Jacques Soustelle

Louis Proyect lnp3 at panix.com
Fri May 11 11:04:21 MDT 2001


[Thanks to PEN-L'er Colin Danby for bringing to my attention that Jacques
Soustelle, author of a sensitive book on the Aztecs, was much less
sensitive when it came to the people of Algeria. He became, despite his
earlier leftwing associations, a leader of the terrorist, quasi-fascist OAS.]

The Washington Post, August 8, 1990, Wednesday, Final

Jacques Soustelle Dies;  Served in French Cabinet

PARIS -- Jacques Soustelle, 78, a former cabinet minister who clashed with
Gen. Charles de Gaulle over the Algerian conflict, died on Aug. 7 in the
Paris suburb of Neuilly-sur-Seine. The cause of death was not reported.

A distinguished anthropologist noted for his study of pre-Colombian
culture, Mr. Soustelle was named to the prestigious Academie Francaise in
1983 for his studies outlined in such books as "Life of the Aztecs" and
"The Maya Civilization."

Jacques Emile Soustelle was born in the southern French town of Montpellier
Feb. 3, 1912, the son of a Protestant railway worker. He studied letters at
the Ecole Normale Superieure. A brilliant student, he became a world-class
expert in anthropology and ethnology, principally that of Latin and Central
America, where he was in 1939 at the outbreak of World War II.

Strongly opposed to fascism, he was among the first to rally to de Gaulle's
appeal on June 18, 1940, from London to fight the Vichy government that
collaborated with Nazi Germany. Mr. Soustelle became chief of the Free
French force's secret service.

After the liberation of France in 1944, Mr. Soustelle served as minister of
information and later minister of colonies. In 1955, he was appointed
governor-general of Algeria by Premier Pierre Mendes-France.

The appointment of an intellectual with known left-wing sympathies caused
trepidation in Algeria's European settler community, which was engaged in a
bloody struggle with the anti-colonial National Liberation Front (FLN).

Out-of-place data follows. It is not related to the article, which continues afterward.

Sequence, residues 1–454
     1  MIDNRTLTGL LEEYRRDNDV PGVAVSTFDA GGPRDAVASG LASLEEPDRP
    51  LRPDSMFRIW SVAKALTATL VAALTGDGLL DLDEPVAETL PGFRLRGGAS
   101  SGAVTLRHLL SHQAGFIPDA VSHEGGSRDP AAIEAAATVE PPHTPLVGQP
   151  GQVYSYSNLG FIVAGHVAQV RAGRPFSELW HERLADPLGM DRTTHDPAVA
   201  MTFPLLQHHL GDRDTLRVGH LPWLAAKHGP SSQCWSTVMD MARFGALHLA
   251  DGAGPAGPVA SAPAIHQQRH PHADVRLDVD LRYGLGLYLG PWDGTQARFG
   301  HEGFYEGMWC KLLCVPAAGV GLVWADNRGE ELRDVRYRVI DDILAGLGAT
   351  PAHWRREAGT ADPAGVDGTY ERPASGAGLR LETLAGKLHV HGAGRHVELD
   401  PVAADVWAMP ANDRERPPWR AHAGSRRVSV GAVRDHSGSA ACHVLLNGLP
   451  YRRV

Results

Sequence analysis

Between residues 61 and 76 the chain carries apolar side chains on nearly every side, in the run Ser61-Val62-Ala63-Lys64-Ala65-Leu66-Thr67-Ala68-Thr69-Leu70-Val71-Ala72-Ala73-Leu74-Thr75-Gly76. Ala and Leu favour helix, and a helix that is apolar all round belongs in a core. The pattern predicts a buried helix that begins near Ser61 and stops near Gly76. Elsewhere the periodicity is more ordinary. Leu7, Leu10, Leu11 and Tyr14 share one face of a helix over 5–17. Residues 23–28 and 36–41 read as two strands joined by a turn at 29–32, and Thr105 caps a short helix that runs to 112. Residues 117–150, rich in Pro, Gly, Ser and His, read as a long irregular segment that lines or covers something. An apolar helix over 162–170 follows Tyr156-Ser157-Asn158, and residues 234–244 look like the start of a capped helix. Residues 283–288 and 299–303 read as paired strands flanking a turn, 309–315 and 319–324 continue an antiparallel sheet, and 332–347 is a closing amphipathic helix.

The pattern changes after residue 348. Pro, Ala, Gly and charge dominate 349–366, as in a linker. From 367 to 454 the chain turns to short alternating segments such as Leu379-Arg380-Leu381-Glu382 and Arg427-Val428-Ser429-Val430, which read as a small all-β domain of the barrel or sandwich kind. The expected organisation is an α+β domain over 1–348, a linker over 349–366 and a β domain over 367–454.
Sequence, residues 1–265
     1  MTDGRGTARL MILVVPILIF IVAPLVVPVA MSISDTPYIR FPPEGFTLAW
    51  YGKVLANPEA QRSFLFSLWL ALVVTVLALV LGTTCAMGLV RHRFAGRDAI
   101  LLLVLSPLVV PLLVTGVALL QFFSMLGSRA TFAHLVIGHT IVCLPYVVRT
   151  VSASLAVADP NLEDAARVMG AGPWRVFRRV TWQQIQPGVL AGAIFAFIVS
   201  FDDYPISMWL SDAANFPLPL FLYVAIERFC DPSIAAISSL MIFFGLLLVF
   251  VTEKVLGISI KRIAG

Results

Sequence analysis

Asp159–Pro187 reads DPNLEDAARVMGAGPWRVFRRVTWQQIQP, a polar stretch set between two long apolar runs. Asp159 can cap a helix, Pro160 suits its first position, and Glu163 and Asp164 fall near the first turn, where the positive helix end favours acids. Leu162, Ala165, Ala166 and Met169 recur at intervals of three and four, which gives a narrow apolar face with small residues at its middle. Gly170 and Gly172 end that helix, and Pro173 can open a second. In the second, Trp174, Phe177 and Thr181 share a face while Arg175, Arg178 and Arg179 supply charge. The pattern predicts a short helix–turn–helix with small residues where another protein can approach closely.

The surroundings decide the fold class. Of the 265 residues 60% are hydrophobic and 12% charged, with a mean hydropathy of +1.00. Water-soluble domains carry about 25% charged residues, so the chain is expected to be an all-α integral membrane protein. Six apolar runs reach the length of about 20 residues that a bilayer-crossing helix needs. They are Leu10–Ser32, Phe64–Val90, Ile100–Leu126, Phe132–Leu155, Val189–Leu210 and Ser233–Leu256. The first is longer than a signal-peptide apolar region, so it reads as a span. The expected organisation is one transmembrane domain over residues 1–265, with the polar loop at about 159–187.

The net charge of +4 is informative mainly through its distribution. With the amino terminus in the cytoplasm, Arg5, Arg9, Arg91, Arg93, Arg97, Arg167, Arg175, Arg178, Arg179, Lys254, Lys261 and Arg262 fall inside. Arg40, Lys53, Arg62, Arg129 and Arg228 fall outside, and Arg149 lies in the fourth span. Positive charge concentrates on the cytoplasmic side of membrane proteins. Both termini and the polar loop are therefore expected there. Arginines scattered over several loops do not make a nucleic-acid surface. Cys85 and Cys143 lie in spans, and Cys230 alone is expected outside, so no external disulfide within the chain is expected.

But to their surprise, Mr. Soustelle soon declared independence would be a
disaster both for Algeria and France. He became popular among the "colons"
and was withdrawn by the Socialist government in 1956.

De Gaulle returned to power in 1958 as the Algerian war threatened to tear
France apart. Mr. Soustelle again became minister of information and later
a deputy foreign minister.

The crowning moment of his career came on June 4, 1958, when he stood with
de Gaulle before a delirious crowd of settlers in the French North African
possession as the general told them: "Je vous ai compris." ("I have
understood you")

By the end of 1959, however, de Gaulle had decided to let Algeria go, and
Mr. Soustelle quit the government, saying he could not "make a deal with
cutthroats."

He joined the OAS secret army in 1962. It conducted a campaign of
assassination and sabotage in a bid to keep Algeria French. Mr. Soustelle
was charged on Sept. 22, 1962, with "attempts against the state." The same
year, renegade army officers tried to assassinate de Gaulle for giving
Algeria independence.

He spent six years in exile. In 1968, after a political amnesty, he
returned to France and resumed his academic and political career. He met
with little political success. Increasingly, he devoted himself to his
scholarly interests, becoming president of the Center Universitaire European.


Louis Proyect
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